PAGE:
Rape culture: No laughing matter

This weekend I went to the Gabriel “Fluffy” Iglesias comedy show with my dad. While the headliner was great, one of the openers left something to be desired.

“You girls need to stop filing restraining orders against us guys,” opener Al Robles said. “If a guy stalks you, it means he likes you. It’s a compliment, you should be flattered. And if you’ve never been stalked, it means you’re ugly.”

At this moment I hoped my fellow Cougs would boo this guy off the stage. But that’s not what happened.

People actually laughed.

Comedians need to acknowledge that not everything is fair game. There are some things you shouldn’t joke about. Rape, sexual violence, domestic violence and stalking are among them.

Entertainers have an extraordinary amount of influence on our perceptions of the world, and by joking about these serious, dangerous, traumatizing matters, they are contributing to a rape culture that leads victims to believe their safety is not a legitimate concern.

I’m aware this was a comedy show and that Robles probably doesn’t actually espouse that view, but the issue here is not whether this is his opinion. The issue is that stalking is real, terrifying and dangerous, but apparently it’s still something we can joke about. This is exactly what it means to live in a rape culture.

Rape culture is a persistent and systemic problem. Our society normalizes sexual abuse and misconduct and makes excuses for abusers while blaming the victims. Robles’ comedy routine mocking stalking victims is only furthering a rape culture we have tried so hard to overcome on this campus, as the routine trivializes and minimizes the suffering of sexual and dating violence victims.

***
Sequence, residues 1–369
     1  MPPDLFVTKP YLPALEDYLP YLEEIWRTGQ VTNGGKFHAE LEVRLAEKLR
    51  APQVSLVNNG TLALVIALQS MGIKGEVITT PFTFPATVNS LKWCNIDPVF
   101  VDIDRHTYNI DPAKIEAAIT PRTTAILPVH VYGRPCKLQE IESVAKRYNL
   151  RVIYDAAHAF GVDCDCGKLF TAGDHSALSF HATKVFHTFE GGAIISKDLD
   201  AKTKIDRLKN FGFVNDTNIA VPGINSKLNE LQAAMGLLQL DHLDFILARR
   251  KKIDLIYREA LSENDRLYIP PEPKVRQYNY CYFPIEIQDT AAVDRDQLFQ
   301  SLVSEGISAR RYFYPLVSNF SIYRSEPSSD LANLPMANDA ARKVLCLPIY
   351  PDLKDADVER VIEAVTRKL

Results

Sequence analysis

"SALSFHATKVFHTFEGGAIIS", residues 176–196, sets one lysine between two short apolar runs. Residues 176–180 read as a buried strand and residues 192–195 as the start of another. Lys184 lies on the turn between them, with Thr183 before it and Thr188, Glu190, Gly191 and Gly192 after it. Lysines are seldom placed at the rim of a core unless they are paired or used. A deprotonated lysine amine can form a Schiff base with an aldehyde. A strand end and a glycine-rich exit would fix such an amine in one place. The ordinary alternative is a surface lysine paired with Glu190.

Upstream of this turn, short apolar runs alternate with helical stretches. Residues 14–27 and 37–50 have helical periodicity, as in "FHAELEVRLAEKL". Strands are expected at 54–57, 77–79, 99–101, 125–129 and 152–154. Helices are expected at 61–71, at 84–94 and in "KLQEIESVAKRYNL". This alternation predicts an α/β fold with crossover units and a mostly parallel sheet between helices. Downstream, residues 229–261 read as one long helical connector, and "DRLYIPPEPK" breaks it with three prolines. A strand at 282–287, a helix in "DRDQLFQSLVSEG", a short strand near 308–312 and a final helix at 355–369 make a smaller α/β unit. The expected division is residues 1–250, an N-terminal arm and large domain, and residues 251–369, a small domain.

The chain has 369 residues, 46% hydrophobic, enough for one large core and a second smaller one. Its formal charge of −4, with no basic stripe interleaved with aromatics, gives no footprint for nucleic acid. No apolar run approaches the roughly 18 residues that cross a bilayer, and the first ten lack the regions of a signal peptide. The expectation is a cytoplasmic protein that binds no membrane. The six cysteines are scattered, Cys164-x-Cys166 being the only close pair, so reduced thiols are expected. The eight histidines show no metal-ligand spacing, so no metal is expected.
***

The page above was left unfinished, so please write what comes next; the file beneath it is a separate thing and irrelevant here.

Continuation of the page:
We are already bombarded from every angle with messages telling us women are sexual objects for men to enjoy. Doesn’t he realize the damaging effects his so-called jokes have on women who are being stalked?

Let me tell you the reality, Mr. Robles, from real-life experiences.

Stalking is not a joke. Stalking is when a person refuses to listen to you no matter how many times you tell them to go away. Stalking is when someone sits in the back of your classes and follows you around all day – sometimes obviously, sometimes not. Sometimes letting you know they can see you, even when they are out of your sight. Stalking is when they memorize your schedule and follow you places like your home, your regular meal stops, your classrooms and your workplace.

There’s a sign that hangs in Brused Books that reads “It’s not funny, it’s not romantic. It’s called stalking, and it’s a crime.”

Mr. Robles, if you had to be escorted home at night because of the possibility someone you had repeatedly spurned would attack you, would you trivialize it then?

If someone knew all your contact information, in spite of you never giving it to them, and used it frequently to harass you, would you still joke about it in front of thousands of people?

If you knew someone who had been injured, raped or murdered by a stalker, would you make light of women and men who have to file restraining orders for their own safety?

If you had an ex who followed you and blackmailed you into all sorts of things you didn’t want to do, would you still joke that women should be flattered by a stalker?

It’s appalling, but this is the culture we live in. Where men can make jokes about stalking and other similar violence and a crowd, even a crowd of Cougs, laughs along.

It’s on us to change that. Some things are not funny, nor should they ever be considered a joke. Stalking is one of those things.

This isn’t a matter of me being too easily offended. It’s a matter of what we as a society think is funny resulting in the perpetuation of rape culture. As long as people laugh at it, it’s going to remain okay.

Stop laughing, Cougs, and take stalking and rape culture seriously. There is something we can do about it, and it starts right here. Comedians need to stop making these jokes. And we need to stop laughing at them.

Michelle Fredrickson is a senior communication major from Issaquah. She can be contacted at 335-2290 or by opinion@dailyevergreen.com. The opinions expressed in this Column are not necessarily those of the staff of The Daily Evergreen or those of The Office of Student Media.